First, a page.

Numerologist.com offers a free reading. I’m impressed, they know I wouldn’t pay for it. Many times, these free divination methods will reveal the same reading for every person. The readings usually apply to most people, since they are written vaguely enough and are full of contradictions, such as, “You are often timid, but not afraid to assert yourself if your ideas are being dismissed.”
With numerology this isn’t as possible since people have different names and birth dates. However, once your magic number is calculated, you will receive the same reading as someone with identical numbers. I deduced this because I received my exhaustive reading within five seconds. The system assigned numbers to my letters and birthday, providing no reason why those values were chosen or why they would influence what I’ll have for lunch, much less impact major life choices and events.
The reading rambles on for several tedious paragraphs, making me out to be a mix of Warren Buffet, Maurice Greene, and Johnny Depp. This would appeal to anyone who has the low self-esteem consistent with someone seeking out a mysterious stranger to fix their train wreck of a life.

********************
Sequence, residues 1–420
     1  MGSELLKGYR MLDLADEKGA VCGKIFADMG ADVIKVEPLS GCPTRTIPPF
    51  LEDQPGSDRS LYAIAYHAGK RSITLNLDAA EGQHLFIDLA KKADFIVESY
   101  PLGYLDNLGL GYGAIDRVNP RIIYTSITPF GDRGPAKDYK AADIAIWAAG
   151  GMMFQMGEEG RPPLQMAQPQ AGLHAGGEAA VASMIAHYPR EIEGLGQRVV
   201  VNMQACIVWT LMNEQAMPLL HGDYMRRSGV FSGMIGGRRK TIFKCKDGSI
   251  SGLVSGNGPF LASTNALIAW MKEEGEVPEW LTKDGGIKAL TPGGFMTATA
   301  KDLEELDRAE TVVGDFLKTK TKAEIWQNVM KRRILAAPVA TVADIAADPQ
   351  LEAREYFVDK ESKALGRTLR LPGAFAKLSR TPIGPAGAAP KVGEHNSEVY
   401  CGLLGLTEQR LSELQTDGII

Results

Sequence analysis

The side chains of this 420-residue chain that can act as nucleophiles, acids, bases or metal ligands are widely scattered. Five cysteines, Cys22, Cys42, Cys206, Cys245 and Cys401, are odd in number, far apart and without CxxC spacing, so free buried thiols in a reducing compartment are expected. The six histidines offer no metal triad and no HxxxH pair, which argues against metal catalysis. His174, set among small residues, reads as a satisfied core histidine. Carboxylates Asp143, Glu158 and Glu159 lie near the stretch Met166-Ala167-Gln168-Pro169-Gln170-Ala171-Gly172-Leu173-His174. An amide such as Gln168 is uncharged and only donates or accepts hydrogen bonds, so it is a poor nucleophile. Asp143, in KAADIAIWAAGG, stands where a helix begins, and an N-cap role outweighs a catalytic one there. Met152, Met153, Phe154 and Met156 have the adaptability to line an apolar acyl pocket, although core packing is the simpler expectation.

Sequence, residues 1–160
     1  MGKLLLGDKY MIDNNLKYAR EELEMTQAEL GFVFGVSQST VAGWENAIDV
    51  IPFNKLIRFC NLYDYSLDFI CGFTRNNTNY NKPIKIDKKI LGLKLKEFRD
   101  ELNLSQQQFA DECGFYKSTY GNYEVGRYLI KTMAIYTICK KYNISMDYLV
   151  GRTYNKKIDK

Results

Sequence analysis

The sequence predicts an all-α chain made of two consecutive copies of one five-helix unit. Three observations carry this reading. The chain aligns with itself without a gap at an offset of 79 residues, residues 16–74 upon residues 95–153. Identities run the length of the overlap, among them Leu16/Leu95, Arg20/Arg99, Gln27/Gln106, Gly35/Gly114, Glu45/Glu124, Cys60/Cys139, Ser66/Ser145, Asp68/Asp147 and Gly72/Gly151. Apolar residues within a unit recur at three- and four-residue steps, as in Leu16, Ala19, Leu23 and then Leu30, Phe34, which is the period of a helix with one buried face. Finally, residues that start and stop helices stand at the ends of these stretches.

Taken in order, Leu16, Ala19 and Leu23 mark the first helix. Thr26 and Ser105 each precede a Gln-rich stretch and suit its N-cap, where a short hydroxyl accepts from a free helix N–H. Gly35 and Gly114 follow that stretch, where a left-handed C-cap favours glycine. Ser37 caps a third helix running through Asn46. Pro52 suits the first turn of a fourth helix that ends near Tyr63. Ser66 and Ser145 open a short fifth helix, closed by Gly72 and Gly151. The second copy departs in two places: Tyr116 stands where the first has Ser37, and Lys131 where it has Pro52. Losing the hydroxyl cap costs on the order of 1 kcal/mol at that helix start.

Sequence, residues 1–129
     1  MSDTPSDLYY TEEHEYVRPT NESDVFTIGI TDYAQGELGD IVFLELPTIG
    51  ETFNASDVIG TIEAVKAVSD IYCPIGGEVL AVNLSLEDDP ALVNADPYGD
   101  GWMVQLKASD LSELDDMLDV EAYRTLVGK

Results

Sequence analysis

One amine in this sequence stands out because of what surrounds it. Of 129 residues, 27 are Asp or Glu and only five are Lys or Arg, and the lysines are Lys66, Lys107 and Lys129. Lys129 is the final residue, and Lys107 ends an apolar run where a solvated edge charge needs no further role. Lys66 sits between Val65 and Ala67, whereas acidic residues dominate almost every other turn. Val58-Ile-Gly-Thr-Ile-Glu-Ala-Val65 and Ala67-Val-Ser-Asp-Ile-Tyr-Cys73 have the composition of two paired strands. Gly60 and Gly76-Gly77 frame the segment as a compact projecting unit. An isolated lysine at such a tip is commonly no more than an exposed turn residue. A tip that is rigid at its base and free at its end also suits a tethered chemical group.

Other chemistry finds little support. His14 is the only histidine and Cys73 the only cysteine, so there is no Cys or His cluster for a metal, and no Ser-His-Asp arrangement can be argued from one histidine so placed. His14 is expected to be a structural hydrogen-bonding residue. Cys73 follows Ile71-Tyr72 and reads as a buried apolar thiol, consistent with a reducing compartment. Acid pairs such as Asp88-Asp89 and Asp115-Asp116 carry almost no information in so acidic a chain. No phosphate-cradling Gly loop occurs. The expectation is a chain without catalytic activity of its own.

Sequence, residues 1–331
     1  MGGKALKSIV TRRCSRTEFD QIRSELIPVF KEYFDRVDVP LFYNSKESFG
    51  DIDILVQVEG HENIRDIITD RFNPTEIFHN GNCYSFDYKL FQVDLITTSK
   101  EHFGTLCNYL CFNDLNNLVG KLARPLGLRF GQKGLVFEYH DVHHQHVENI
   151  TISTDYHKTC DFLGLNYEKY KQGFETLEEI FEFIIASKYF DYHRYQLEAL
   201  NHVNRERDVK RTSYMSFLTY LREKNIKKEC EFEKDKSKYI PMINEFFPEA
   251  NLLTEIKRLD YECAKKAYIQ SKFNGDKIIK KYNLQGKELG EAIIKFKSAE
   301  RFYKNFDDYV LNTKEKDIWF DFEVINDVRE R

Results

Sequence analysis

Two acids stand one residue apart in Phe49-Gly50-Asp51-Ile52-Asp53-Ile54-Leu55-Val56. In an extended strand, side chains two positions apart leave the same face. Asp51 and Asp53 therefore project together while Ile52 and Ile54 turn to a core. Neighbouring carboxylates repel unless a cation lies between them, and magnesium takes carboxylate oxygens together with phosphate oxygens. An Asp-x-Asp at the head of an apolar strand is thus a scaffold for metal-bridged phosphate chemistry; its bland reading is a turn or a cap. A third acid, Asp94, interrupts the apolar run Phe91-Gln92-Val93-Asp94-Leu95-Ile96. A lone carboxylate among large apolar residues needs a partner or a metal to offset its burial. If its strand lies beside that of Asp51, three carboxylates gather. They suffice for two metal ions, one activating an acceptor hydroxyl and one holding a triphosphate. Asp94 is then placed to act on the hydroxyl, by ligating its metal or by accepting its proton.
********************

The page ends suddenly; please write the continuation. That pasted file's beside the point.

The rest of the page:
In an anomalous, more modest, tidbit, I am told, “You enjoy golf, chess, and equestrian pursuits.” I have never golfed. I have ridden horses maybe a dozen times. I played chess halfway regularly when I was in my teens and 20s. So here, the success of my reading is 0 percent, 60 percent, and 5 percent. But if I’m wanting to believe, I will remember the horse on the chessboard, but not the one that I rode. Or I will think, I only rode few times, but really enjoyed it when I did, so this guy has got me down. Golf will be dismissed completely, and eventually forgotten.